Jim’s Snow Policy

Dear Members and Friends of Richmond’s First Baptist Church:

We’ve had some snow in the last 48 hours–lots of it.  The small, round table on my deck looks like a wedding cake, piled high with at least twelve inches of fluffy white snow.  It’s beautiful, but it does raise the question: Will we have church tomorrow?

It has been my policy for years now to open the doors of the church on Sunday morning no matter what the weather, and I’ve done it: I’ve bundled up and hiked through the snow simply because there might be someone in the neighborhood who needs to hear the Gospel and feel the warmth of Christian love.  One Sunday morning in DC the snow was coming down thick and fast, eventually piling up to a depth of more than two feet.  We only had 25 people in church that day but three of them joined the church when I gave the invitation.  I don’t think I’ve had a Sunday since when 12 percent of the congregation responded to the altar call.  I’ll be at church tomorrow, and I hope you will, too.

But it has also been my policy to ask members to use their own good judgment and not take any unnecessary risks to come to church.  If you look out the front door on Sunday morning and think, “I could fall and hurt myself,” then please stay home.  You have my permission.  Tomorrow, especially, you have some options: we’ll be broadcasting the service live on Channel 8 at 11:00 a.m. in the Richmond area, and air the usual live webcast at www.fbcrichmond.org.  We won’t have an 8:30 service tomorrow and we won’t be having Sunday school, but if you can make it to the 11:00 service without risking life or limb I’d love to see you there.  And if you can’t make it in person I’ll look for you on the other side of the camera.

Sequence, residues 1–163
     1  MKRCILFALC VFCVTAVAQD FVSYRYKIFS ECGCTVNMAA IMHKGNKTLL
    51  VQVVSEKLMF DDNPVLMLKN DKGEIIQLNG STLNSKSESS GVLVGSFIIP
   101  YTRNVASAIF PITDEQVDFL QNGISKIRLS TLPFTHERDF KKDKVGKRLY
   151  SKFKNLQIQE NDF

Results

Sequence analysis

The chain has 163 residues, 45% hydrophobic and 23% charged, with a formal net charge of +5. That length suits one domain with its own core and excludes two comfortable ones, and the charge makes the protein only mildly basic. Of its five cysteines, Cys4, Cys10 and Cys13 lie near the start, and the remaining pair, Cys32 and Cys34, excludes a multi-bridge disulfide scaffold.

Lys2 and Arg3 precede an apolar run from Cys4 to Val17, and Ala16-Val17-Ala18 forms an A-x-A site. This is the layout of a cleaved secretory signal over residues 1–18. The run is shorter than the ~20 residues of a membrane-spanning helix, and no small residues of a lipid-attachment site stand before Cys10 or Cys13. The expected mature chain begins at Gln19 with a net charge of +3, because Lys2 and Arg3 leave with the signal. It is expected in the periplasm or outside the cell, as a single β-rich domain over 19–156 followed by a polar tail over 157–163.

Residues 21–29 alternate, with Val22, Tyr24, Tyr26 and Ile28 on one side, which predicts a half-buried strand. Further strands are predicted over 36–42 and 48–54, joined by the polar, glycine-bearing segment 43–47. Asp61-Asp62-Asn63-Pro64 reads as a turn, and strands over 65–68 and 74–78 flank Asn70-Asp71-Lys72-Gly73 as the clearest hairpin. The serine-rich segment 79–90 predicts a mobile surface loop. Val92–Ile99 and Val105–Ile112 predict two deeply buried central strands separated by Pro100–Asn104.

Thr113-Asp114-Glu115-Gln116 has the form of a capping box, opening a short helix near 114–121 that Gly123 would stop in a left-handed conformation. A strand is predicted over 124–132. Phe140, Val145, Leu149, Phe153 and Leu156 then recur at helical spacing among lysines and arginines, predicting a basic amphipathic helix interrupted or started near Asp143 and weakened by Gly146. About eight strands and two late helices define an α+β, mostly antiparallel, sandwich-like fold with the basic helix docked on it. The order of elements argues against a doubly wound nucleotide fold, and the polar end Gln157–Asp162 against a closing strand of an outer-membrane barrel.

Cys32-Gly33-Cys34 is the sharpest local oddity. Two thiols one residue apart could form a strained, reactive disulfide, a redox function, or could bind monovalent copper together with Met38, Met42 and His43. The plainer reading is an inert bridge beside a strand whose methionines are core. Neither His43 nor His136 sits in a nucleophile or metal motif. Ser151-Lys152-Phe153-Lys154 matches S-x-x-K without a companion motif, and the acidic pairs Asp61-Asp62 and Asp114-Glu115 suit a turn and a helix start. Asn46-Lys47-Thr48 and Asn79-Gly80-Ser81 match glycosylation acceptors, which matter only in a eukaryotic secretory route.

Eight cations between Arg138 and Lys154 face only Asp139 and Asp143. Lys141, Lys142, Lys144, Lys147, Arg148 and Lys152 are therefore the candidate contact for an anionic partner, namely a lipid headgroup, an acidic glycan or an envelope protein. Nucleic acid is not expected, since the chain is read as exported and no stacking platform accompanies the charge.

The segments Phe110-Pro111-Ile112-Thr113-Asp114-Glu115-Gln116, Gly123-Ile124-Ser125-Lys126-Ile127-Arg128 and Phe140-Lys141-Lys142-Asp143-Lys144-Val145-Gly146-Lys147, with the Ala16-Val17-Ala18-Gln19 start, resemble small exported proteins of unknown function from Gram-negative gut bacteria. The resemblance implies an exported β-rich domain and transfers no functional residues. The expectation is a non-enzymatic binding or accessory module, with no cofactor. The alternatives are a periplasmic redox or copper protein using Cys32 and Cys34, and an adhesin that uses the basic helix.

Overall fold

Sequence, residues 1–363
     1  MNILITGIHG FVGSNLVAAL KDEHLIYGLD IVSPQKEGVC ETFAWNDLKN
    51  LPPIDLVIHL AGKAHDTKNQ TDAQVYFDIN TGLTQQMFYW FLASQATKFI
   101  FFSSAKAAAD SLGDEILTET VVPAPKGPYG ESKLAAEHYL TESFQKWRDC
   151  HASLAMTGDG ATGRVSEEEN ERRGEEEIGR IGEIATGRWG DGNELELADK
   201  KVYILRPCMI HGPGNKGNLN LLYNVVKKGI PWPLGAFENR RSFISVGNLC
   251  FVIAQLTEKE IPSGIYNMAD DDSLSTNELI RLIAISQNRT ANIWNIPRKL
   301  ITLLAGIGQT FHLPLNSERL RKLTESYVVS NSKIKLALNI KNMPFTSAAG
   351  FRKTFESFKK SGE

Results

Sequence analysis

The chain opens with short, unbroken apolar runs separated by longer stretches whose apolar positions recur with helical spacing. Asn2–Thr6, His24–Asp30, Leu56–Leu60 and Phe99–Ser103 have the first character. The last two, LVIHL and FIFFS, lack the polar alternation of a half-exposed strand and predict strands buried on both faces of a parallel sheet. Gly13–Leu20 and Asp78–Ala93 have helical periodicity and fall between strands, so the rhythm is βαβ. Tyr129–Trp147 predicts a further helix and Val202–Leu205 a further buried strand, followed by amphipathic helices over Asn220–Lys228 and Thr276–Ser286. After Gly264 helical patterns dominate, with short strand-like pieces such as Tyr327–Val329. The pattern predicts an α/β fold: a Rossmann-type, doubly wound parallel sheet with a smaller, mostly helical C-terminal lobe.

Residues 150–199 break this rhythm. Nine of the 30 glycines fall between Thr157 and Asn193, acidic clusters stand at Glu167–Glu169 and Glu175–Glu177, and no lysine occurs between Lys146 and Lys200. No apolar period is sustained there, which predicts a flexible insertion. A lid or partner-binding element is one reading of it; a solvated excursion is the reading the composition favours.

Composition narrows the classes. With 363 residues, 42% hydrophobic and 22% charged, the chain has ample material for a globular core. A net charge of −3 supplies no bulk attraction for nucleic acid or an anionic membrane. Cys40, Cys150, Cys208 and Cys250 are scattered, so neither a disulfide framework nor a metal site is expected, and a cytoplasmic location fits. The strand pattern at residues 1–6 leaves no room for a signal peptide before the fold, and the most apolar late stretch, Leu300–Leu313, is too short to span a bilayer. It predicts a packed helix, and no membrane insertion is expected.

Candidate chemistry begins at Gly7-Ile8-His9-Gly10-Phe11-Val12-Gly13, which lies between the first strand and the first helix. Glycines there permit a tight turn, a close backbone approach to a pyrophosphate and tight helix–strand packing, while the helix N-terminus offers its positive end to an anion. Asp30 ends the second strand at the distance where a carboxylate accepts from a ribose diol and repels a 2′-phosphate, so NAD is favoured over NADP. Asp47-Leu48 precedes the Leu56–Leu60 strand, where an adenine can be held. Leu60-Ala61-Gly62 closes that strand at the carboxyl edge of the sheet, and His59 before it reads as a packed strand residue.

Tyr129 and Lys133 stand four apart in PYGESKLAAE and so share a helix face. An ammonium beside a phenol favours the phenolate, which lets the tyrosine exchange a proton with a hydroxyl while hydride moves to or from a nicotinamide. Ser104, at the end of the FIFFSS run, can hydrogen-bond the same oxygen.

In the meantime, appreciate the beauty of the snow, and the way it makes the world—for a little while at least—perfect and pure.

Jim

One thought on “Jim’s Snow Policy

  1. Ron and I will be on the other side of the camera. It’s nice to have both the option AND the pastor’s permission. We hope you have a monumental response to your altar call (haven’t heard that term since my early days in the P. H. church).

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